A friend passed along a link to an interesting New York Times Select column from literary theorist Stanley Fish which handicaps the poll of potential running-mates for Hillary Clinton.
This prompted two immediate reactions: (1) How much money has the Times lost on this silly “pay-for-access” thing; and (2) What does Stanley Fish know about politics?
Anyway, chances are you don’t have access to Times Select (unless, like me, you’ve taken advantage of their “free to .edu” policy), so let me recap: Fish cedes the Democratic nomination to Hillary on the grounds that the other candidates “are either running for vice president or just having a good time.” For her Number Two, he says, Hillary can’t pick a woman, a Jew, a Senator (or member of the House), or anyone from the Northeast.
So who does that leave? Fish’s finalists are former Virginia Governor Mark Warner, Indiana Senator Evan Bayh (who passes muster because he was once a Governor), North Carolina Governor Mike Easley, New Mexico Governor Bill Richardson and Wisconsin Governor Jim Doyle.
That’s not the worst list – although Doyle is a bland politician who would probably be former Governor Doyle today had he not had the good fortune of running for re-election in 2006. Why Fish includes him and not Iowa’s Tom Vilsack, who gave up his own presidential campaign to work for Hillary and to try to impress her as a potential running-mate, is a puzzler.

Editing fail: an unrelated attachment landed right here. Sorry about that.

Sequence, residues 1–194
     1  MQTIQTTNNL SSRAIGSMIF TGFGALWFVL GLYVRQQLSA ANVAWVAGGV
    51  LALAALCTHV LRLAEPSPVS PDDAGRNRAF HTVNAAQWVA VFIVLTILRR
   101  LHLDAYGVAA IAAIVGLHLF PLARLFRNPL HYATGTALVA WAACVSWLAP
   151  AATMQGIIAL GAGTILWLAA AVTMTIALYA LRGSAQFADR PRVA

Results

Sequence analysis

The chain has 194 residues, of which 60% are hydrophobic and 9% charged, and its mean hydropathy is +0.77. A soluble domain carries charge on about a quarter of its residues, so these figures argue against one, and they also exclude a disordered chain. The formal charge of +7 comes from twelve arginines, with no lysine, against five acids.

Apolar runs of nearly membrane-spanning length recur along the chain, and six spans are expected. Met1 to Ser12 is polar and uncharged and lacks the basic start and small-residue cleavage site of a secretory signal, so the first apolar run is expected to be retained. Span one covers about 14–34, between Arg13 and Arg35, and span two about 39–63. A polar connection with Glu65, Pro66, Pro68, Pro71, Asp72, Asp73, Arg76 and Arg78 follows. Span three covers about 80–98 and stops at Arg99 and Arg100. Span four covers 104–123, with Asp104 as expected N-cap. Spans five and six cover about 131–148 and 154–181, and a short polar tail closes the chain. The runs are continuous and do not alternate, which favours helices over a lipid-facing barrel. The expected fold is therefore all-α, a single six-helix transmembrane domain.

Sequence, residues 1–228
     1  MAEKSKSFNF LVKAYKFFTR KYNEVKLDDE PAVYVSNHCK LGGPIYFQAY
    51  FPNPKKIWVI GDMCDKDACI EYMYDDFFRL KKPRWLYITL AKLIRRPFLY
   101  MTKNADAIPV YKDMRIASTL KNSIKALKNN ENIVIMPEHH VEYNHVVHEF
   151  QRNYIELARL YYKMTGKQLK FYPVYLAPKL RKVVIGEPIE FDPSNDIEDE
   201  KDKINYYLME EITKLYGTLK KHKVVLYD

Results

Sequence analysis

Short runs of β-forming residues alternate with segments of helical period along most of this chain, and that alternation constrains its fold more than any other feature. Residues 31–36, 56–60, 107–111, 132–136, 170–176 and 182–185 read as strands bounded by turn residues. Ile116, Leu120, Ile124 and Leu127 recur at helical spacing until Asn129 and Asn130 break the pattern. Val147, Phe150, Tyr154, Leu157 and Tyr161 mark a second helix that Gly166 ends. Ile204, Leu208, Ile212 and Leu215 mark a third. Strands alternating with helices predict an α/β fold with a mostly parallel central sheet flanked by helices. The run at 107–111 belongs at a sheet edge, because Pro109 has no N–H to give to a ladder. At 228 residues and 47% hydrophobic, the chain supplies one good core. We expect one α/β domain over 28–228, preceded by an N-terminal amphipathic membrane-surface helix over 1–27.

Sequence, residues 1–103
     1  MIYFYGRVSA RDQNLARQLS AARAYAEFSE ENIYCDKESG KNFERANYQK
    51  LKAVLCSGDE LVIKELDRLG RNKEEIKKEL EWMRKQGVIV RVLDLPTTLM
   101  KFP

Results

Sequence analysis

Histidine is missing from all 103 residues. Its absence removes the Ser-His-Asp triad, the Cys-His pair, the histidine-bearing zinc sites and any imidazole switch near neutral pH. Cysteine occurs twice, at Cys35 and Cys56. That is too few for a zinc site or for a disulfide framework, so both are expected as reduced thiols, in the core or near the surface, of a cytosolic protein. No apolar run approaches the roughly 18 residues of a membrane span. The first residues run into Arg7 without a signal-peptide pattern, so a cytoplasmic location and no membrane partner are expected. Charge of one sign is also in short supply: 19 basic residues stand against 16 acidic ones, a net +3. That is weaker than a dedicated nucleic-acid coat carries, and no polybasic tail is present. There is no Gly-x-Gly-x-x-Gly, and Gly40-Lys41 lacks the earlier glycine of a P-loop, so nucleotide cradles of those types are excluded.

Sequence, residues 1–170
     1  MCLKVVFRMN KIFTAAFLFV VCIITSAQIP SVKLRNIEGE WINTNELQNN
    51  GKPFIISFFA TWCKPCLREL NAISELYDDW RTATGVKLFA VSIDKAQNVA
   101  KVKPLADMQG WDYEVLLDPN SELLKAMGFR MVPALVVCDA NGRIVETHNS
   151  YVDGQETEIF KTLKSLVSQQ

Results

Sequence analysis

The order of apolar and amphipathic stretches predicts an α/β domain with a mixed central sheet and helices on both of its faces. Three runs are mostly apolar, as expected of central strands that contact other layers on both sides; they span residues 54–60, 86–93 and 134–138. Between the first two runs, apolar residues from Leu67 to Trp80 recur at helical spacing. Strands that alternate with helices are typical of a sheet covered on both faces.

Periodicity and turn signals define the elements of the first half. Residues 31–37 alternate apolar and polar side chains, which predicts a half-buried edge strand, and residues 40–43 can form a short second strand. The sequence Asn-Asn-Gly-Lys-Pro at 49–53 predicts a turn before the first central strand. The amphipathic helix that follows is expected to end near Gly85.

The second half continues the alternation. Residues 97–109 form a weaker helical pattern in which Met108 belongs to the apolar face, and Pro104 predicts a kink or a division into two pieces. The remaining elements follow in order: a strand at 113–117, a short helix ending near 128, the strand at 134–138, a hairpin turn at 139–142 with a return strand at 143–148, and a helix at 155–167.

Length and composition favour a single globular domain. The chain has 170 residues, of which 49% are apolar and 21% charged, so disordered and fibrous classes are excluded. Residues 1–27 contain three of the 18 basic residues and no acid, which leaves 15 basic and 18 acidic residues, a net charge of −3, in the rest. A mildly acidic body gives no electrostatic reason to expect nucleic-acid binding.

But the real issue with his analysis is that it seems rooted in such old thinking. Fish says Hillary’s objective would be to find a running-mate “who can tip the balance in a fairly large state that could go either way.” That’s the way it used to be done – but haven’t we learned by now that it just doesn’t work? When in the modern era has a vice-presidential nominee actually flipped a state to his or her party’s column? John Edwards did nothing in North Carolina last time around, just as Lloyd Bentsen – a home run V.P. choice, if ever there was one – made no difference in Texas in 1988.
The best model was probably forged by Bill Clinton and Al Gore, politicians from bordering states whose 1992 teaming ignored the “regional balance” edict that typically governs running-mate searches. And it worked – because the ticket communicated youth, vigor and an air of change to the public, something that resonated in states in and out of the south.
Who could help Hillary excite the public like that? Fish dismisses Barack Obama purely on racial grounds. In light of the obvious tension between them, a Clinton-Obama ticket probably is impractical – but it would also create a kind of national excitement that Jim Doyle or Mike Easley could never provide.
A smart vice-presidential pick these days takes into account personality and presence much more than geography.